Friday, August 10, 2007

Quote of the Day

Interview: Matt Damon - The Guardian

Favorite Quote of the Day: "If you end up on the cover of Us magazine, you're fucked."

Wednesday, August 08, 2007

Building a Better Metric

Net Energy -- A Useless, Misleading And Dangerous Metric, Says Expert - Science Daily

I hadn't realized the false assumption that the linguist concoction of 'fossil fuels' creates when compared to alternative fuels. What Professor Dale argues is, in essence, that we cannot lump all fossil fuels under a category of 'fossil fuels' since each different type of fuels provides a different level of energy. Petroleum provides a different amount of energy than coal or natural gas. So what Professor Dale proffers is a metric that measures how much an alternative fuel provides in service compared to a distinct type of fossil fuel.
The use of such a metric might make it easier to impose a national carbon tax as it would more accurately measure the amount of carbon produced by a particular type of fuel and tax it accordingly. The rhetoric employed against a carbon tax by the business industry would naturally argue that such alternative fuels like ethanol would, using the old metric, create more carbon in its production than normal fossil fuels. The goal then is to use a metric that is both true and useful to expose the linguistic lie of the old rhetoric.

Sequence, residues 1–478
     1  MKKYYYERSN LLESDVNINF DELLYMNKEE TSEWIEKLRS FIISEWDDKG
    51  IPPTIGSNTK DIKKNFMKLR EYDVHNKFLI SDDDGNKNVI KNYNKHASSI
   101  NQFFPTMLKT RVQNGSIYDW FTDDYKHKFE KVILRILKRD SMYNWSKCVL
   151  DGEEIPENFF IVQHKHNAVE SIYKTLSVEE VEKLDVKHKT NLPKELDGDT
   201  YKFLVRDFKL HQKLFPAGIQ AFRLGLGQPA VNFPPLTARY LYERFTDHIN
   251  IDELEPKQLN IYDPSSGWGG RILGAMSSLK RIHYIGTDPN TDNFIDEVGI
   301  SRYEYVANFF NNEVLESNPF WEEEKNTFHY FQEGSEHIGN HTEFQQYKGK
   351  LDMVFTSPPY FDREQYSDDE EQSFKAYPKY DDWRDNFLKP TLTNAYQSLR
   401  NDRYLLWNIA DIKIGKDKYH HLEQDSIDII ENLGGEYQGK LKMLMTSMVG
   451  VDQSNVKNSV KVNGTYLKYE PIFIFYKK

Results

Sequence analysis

Tuesday, August 07, 2007

The Fact of the Matter is...

The Trouble with Facts - Matt Yglesias

Yglesias does have a point here. The facts on the ground in Iraq can often support just about any conclusion you want to draw and such conclusions are decided long before such facts arise. Hence the trouble with facts. In and of themselves, facts have no actual value. It's the individual who gives facts their weight and value. Thus it's the individual's personal goals and biases that will determine how certain facts are considered in the larger picture. This is why you can still have some very smart people still support the war and have the facts to back them up. Once you pull back a little from the minutia of the war do you begin to see where everything is going.